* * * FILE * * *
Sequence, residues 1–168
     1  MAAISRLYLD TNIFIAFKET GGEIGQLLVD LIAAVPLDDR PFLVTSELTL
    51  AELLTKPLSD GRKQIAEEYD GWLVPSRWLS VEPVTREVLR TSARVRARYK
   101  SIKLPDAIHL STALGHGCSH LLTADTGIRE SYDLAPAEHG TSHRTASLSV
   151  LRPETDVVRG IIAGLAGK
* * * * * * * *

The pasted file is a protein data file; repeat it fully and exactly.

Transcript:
Sequence, residues 1–168
     1  MAAISRLYLD TNIFIAFKET GGEIGQLLVD LIAAVPLDDR PFLVTSELTL
    51  AELLTKPLSD GRKQIAEEYD GWLVPSRWLS VEPVTREVLR TSARVRARYK
   101  SIKLPDAIHL STALGHGCSH LLTADTGIRE SYDLAPAEHG TSHRTASLSV
   151  LRPETDVVRG IIAGLAGK